A Northeast Texas commissioners court has barred Titus County Attorney John Mark Cobern from continuing to bring to his courthouse office something he says helps prevent mass shootings.
We’re not talking AK-47. We’re talking K-9.
And we’re not talking trained attack dog. We’re talking about Belle, an ailing 16-year-old Dachshund that Cobern’s had since law school.
Cobern has asked Attorney General Greg Abbott for an official opinion on whether the Titus County Commissioners Court has the authority to regulate what goes on, such as bringing a dog to work, in the offices of elected officials. The commissioners, reacting to a complaint about Belle, have banned all non-service animals from the courthouse in Mount Pleasant, in Northeast Texas.
For Abbott, an ambitious politician and dog lover who considers his dog, Oreo, part of his family, this could be a ruff decision. (I didn’t want to make that pun but it’s part of our outreach to younger readers. You never know when a second-grader might be reading this stuff.)
Cobern’s been bringing Belle to work since his days in private practice. Belle was sitting next to Cobern on Monday when he called me from his private law office away from the courthouse. It’s not unusual for small-town county attorneys to have a private practice in addition to their public duties.
Cobern, an Aggie, got Belle during his first semester at law school in Houston. “She laid in my lap for hours at a time while I studied. She was always with me,” he said. “And she is always with me now. I can’t go to the bathroom by myself.”
Too much information? Perhaps, but it helps explain the relationship.
At the courthouse, Belle had spent her time in Cobern’s private office, separate from where his staff is and where the public enters.
Belle was banned when Titus County Commissioner Thomas Hockaday took the matter to his colleagues after fielding a complaint from an unidentified complainant. The Mount Pleasant Daily Tribune reported the animal ban was approved despite opposition from Titus County Judge Brian Lee, who questioned commissioners’ authority to regulate what goes on in the offices of elected officials.
“Well,” Hockaday replied, according to the local paper, “what would we do if everyone brought their dog to the courthouse?”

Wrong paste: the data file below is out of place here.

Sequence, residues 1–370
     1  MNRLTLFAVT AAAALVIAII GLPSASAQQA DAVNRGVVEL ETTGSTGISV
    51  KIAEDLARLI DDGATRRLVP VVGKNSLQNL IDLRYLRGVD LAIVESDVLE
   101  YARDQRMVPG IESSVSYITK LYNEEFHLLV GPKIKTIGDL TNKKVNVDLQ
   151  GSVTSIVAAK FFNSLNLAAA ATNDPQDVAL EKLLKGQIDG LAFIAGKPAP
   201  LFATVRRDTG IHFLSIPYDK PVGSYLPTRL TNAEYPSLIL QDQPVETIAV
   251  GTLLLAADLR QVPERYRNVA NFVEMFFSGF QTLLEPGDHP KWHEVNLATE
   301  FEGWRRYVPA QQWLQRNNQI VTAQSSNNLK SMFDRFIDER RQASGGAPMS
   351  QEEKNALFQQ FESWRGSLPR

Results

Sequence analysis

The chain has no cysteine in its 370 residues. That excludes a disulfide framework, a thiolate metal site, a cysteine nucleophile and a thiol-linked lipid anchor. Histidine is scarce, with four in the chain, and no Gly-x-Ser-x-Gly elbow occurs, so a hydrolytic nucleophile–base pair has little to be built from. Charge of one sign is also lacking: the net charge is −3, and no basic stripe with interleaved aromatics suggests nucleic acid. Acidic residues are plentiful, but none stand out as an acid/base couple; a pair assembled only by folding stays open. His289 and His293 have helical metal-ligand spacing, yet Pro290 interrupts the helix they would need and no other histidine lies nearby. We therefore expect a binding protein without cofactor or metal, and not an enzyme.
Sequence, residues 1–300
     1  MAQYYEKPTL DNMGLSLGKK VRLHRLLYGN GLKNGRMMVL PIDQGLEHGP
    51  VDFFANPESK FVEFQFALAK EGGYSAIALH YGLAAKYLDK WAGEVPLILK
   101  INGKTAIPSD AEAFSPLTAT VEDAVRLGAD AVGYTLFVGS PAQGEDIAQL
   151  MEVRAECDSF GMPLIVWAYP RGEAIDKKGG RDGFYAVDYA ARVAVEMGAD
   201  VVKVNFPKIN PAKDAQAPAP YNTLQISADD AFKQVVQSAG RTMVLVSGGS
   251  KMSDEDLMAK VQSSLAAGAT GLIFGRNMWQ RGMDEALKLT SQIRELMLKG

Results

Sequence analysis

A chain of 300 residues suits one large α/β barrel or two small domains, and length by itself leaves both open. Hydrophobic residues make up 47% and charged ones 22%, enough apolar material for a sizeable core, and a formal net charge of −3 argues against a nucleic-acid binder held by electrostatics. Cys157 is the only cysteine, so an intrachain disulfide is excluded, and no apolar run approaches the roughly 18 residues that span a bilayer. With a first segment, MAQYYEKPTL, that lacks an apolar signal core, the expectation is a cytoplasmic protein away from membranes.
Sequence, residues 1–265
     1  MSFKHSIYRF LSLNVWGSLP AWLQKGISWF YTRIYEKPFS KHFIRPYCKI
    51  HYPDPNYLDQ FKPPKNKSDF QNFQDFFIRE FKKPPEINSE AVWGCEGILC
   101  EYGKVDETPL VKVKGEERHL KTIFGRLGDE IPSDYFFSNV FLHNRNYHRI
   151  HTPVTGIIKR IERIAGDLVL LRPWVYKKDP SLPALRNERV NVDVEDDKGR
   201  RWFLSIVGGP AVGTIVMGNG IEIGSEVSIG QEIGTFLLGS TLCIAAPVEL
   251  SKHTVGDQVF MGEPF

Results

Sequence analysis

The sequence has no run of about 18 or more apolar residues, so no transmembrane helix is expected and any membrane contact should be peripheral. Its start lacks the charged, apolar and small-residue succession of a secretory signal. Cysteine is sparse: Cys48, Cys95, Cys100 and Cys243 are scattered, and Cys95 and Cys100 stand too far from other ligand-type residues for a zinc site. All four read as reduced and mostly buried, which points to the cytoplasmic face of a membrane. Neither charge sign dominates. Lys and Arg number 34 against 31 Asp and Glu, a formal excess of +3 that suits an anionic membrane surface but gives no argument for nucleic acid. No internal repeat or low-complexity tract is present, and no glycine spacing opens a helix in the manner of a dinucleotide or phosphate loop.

Good question. I don’t know what we would do.
Cobern is devoted to Belle, who suffers from a glandular ailment that killed another dog of his, and now is making his case to Abbott. In addition to the legal argument about commissioners’ authority, Cobern felt the need to tell Abbott something about Belle.
“The primary reason for bringing my dog to the county office was to make my office a safer work environment,” he told the AG, noting his job puts him in contact with “the mentally ill and potentially unstable individuals.”
“These are the types of individuals who are prone to extreme acts of violence such as the mass shootings we have witnessed recently,” Cobern wrote. “It has been my experience that a dog’s presence often can have a calming effect (on) these individuals. With the violence directed towards prosecutors, I feel that a dog’s presence in my office makes my work environment safer.”
I have my thoughts on this deal, but it seems like one for the court of public opinion, which, by the power vested in me, I hereby am calling to order.
Ladies and gentlemen of the court of public opinion, what is it we have here? Is this big government gone amok and sticking its nose where it should not?
Or is it a dog-loving elected official stretching for reasons to do something he wants to do?
Or, possibly, is it that our well-paid state attorney general has to spend time on this just another sign that the apocalypse approacheth?
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